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Recovering from narcissistic abuse can be difficult due to compromised self-trust. Clicking on this link may have been sheer curiosity, or it may have been in response to a “gut” reaction. Typically, the first damage done to a victim of narcissistic abuse is destabilizing their ability to trust themselves. Suppose you suspect that you are currently in or have been a victim of narcissistic abuse. In that case, I recommend finding a support group, a therapist, or an advocate, such as myself, as soon as possible to help you through the healing and recovery process.

One of the essential parts of healing from narcissistic abuse is finding loving empathizing support, outside of the situation, to help you navigate a path to freedom. You do not have to do this alone. Besides providing private treatment, I have also created a peer support group that can help you move through recovery challenges.

You may contact me directly for details. I encourage you to reach out to someone.

Am I Being Abused?

People suffering the emotional, cognitive, and physical effects of narcissistic abuse question their perception of reality. Below are a few examples of abusive behaviors you may have missed and can help provide clarity if you think you may be in an abusive relationship.

  • Verbal abuse includes belittling, bullying, accusing, blaming, shaming, demanding, ordering, threatening, criticizing, sarcasm, raging, opposing, undermining, interrupting, blocking, and name-calling.
  • Manipulation: Generally, manipulation is indirect influence on someone to behave in a way that furthers the goals of the manipulator. Often, it expresses covert aggression. Think of a “wolf in sheep’s clothing.” On the surface, the words seem harmless – even complimentary; but underneath you feel demeaned or sense a hostile intent.
  • Emotional blackmail: Emotional blackmail may include threats, anger, warnings, intimidation, or punishment. It’s a form of manipulation that provokes doubt in you.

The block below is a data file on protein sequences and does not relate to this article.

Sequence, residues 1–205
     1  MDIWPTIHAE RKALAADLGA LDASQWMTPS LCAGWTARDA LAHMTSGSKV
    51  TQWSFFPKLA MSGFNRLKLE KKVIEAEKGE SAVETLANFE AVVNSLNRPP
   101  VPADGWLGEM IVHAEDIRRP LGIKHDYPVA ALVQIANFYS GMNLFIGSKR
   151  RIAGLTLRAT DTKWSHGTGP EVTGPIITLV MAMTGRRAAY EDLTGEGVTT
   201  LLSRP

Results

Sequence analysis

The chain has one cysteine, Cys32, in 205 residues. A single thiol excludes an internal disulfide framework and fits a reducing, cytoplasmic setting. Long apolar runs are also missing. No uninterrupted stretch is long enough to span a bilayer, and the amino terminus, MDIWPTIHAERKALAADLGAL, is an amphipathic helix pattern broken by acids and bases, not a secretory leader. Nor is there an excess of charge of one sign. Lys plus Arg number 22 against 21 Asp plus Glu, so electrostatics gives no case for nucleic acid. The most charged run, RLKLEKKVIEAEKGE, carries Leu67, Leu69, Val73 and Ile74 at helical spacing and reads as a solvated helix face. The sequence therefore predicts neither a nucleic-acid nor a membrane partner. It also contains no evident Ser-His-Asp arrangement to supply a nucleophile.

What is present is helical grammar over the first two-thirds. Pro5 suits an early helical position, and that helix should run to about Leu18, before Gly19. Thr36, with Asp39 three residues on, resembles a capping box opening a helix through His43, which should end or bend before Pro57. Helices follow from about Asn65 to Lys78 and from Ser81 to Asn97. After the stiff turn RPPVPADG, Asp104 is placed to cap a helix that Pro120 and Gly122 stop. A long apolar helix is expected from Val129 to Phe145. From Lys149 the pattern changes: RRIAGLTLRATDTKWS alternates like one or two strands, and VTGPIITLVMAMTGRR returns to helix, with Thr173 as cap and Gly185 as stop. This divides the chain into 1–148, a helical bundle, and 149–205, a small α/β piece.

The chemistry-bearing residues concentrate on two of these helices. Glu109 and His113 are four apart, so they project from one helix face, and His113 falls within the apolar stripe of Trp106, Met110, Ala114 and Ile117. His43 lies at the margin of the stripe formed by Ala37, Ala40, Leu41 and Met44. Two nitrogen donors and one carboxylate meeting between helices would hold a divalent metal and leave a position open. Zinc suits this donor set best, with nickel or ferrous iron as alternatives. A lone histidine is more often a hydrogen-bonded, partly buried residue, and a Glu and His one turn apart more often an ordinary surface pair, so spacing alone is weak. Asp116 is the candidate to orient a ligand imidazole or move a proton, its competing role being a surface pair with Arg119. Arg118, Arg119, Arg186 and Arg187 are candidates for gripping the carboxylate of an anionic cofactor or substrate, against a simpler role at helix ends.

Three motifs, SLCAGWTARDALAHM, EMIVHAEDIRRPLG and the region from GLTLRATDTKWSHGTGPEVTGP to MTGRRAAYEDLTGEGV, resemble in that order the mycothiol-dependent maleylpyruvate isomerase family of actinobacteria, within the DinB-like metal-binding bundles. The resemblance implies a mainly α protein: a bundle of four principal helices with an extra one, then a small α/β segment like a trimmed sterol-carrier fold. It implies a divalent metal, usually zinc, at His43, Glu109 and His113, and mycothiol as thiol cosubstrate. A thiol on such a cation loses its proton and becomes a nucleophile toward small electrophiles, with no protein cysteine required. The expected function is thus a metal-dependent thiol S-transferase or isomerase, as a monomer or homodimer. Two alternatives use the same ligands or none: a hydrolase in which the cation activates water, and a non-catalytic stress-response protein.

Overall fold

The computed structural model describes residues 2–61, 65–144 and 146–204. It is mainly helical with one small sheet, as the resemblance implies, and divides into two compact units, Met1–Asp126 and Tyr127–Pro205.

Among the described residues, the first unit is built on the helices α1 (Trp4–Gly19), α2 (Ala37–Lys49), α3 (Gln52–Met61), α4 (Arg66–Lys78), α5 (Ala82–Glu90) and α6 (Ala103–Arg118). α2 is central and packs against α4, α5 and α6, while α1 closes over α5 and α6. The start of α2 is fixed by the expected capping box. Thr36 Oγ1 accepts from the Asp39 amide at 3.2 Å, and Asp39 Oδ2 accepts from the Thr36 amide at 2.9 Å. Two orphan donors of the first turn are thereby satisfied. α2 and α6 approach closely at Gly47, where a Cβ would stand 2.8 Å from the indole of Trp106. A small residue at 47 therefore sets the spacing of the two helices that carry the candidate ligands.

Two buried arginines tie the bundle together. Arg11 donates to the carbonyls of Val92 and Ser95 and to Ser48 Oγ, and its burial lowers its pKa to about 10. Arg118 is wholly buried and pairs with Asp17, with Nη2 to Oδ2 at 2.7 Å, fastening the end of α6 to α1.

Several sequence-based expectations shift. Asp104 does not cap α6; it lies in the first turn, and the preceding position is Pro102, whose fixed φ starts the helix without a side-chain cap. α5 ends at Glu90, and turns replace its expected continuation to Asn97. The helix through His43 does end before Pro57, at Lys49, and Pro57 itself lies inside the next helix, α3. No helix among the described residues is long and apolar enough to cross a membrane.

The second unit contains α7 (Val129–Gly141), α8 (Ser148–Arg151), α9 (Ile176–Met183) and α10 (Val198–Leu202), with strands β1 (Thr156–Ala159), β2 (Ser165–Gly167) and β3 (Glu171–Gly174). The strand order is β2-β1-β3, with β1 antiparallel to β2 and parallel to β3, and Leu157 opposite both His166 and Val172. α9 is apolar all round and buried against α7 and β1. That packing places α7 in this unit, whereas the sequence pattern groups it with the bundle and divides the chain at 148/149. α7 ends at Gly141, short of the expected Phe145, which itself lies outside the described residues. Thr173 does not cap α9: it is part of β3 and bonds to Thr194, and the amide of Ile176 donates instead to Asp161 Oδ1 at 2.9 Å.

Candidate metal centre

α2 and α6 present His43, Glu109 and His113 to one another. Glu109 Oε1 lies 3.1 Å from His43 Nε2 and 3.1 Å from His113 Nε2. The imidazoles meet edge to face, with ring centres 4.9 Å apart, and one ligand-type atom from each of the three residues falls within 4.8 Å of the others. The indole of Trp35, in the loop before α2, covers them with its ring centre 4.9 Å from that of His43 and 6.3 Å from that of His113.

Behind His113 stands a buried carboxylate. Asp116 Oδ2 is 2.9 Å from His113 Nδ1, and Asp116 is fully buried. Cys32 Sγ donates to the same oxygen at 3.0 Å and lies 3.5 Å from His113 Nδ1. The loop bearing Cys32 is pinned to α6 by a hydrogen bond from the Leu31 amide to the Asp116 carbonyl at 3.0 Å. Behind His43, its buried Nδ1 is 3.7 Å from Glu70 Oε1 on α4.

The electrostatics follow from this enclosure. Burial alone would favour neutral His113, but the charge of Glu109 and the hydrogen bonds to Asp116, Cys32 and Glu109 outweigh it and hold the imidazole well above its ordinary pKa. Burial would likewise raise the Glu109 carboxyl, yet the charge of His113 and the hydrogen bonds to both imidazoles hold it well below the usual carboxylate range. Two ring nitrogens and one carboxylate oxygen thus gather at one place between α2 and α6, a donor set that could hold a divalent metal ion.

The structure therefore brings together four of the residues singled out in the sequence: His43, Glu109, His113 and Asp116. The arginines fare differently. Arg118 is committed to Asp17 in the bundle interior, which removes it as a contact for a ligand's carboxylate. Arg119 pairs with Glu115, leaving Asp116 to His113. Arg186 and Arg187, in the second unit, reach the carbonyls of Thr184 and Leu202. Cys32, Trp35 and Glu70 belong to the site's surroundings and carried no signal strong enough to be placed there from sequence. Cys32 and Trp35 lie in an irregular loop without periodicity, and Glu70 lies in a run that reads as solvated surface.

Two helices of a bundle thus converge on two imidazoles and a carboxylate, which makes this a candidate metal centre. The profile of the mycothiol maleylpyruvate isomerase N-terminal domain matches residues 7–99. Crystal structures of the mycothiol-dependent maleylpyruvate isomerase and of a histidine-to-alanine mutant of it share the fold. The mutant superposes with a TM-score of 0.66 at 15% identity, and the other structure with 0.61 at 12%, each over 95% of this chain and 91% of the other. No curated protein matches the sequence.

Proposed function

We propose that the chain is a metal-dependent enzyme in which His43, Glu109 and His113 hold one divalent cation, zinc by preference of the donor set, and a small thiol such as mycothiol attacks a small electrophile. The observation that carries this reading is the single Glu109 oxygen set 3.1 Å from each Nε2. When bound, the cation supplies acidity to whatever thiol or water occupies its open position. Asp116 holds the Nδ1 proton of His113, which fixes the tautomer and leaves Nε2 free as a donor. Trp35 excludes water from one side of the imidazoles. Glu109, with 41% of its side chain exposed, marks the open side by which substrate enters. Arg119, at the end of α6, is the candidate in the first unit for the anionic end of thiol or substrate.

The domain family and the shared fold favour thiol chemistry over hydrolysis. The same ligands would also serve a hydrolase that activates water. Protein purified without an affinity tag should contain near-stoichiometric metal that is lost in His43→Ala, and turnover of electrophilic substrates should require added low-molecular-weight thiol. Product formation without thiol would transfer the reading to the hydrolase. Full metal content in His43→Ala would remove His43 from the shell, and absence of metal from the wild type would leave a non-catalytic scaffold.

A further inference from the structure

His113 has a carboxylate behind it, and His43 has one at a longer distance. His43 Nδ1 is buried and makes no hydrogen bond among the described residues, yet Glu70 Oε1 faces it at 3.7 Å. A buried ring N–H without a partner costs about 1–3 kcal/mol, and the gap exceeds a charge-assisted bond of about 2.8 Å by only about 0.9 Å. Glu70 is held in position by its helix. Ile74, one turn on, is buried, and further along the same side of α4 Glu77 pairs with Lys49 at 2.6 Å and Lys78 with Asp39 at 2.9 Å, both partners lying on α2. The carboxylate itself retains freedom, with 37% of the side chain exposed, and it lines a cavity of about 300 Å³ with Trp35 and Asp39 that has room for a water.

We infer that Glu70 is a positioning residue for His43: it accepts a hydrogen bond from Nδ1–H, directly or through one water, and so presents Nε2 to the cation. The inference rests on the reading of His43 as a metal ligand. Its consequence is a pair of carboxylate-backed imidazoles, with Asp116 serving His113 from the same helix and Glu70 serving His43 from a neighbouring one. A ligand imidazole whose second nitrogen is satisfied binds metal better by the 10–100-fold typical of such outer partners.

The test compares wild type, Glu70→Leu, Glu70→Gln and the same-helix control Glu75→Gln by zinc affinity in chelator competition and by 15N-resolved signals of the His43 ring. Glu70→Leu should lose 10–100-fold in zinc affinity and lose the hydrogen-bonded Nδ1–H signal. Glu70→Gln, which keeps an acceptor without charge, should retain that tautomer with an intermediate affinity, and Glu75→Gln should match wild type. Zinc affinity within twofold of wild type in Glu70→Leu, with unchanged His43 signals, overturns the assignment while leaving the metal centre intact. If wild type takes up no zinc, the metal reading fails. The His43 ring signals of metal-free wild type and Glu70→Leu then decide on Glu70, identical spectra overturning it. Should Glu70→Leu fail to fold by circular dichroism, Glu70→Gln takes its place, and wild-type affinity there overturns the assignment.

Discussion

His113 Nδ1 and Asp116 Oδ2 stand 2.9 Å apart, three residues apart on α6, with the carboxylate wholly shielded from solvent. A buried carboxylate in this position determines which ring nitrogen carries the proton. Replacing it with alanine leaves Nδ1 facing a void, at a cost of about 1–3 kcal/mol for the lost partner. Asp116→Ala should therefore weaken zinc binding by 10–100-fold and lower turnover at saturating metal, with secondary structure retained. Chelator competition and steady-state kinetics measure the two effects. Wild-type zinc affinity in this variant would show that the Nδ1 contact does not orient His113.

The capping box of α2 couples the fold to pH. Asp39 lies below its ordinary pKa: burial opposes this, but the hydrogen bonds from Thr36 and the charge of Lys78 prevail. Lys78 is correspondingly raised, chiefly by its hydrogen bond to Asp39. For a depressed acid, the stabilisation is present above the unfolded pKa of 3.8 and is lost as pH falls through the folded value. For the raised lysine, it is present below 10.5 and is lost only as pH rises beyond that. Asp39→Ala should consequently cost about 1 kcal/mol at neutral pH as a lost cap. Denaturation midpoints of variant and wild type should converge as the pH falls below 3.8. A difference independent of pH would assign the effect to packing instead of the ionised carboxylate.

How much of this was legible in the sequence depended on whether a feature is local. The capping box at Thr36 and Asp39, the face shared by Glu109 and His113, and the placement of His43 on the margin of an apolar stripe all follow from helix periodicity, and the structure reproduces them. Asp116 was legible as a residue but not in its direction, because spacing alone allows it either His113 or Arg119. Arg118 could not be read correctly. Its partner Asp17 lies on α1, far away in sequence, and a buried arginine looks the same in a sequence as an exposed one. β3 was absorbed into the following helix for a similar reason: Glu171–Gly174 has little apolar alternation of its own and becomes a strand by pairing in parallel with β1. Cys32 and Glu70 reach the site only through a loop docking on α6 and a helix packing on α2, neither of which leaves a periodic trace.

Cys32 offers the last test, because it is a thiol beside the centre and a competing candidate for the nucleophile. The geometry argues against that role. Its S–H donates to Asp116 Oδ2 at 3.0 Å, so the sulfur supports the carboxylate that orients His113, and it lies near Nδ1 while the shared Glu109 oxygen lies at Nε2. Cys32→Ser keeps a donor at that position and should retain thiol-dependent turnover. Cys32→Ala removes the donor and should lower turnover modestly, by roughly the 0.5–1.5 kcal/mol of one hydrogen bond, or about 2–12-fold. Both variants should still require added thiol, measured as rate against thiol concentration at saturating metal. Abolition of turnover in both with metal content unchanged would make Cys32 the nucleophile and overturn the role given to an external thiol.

• Gaslighting: Intentionally making you distrust your perceptions of reality or believe that you’re mentally incompetent.
  • Competition: Competing and one-upping to always be on top, sometimes through unethical means. E.g. cheating in a game.
  • Negative contrasting: Unnecessarily making comparisons to negatively contrast you with the narcissist or other people.
  • Sabotage: Disruptive interference with your endeavors or relationships for the purpose of revenge or personal advantage.
  • Exploitation and objectification: Using or taking advantage of you for personal ends without regard for your feelings or needs
  • Lying: Persistent deception to avoid responsibility or to achieve the narcissist’s own ends.
  • Withholding: Withholding such things as money, sex, communication or affection from you.
  • Neglect: Ignoring the needs of a child for whom the abuser is responsible. Includes child endangerment; i.e., placing or leaving a child in a dangerous situation.
  • Privacy invasion: Ignoring your boundaries by looking through your things, phone, mail; denying your physical privacy or stalking or following you; ignoring privacy you’ve requested.
  • Character assassination or slander: Spreading malicious gossip or lies about you to other people.
  • Violence:This includes blocking your movement, pulling hair, throwing things, or destroying your property.
  • Financial abuse: Financial abuse might include controlling you through economic domination or draining your finances through extortion, theft, manipulation, or gambling, or by accruing debt in your name or selling your personal property.
  • Isolation: Isolating you from friends, family, or access to outside services and support through control, manipulation, verbal abuse, character assassination, or other means of abuse.

(Lancer, D (2017). How to Spot Narcissistic Abuse: Abuse is never your fault. Psychology Today,